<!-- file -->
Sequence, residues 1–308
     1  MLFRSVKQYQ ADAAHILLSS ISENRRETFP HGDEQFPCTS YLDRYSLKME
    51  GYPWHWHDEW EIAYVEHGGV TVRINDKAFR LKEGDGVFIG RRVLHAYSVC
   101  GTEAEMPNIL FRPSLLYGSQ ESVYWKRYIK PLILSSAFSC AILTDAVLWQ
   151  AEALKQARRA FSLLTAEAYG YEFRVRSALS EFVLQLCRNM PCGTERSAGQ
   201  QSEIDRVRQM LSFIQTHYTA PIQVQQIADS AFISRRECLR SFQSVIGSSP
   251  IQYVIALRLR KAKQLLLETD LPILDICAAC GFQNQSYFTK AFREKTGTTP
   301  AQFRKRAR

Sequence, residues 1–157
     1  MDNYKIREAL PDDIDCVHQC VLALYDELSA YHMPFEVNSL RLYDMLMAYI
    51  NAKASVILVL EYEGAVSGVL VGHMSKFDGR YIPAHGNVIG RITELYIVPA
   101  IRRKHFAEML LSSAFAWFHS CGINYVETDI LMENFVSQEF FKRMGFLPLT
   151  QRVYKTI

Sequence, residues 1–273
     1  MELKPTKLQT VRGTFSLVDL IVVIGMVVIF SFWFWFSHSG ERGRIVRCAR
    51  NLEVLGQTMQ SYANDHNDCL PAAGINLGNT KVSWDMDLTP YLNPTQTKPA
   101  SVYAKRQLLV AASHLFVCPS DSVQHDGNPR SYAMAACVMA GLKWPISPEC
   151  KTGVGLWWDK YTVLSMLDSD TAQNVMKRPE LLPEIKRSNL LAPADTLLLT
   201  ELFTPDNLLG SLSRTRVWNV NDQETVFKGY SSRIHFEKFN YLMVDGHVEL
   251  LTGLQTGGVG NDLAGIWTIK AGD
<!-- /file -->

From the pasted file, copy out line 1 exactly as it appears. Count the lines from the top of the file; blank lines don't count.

Sequence, residues 1–308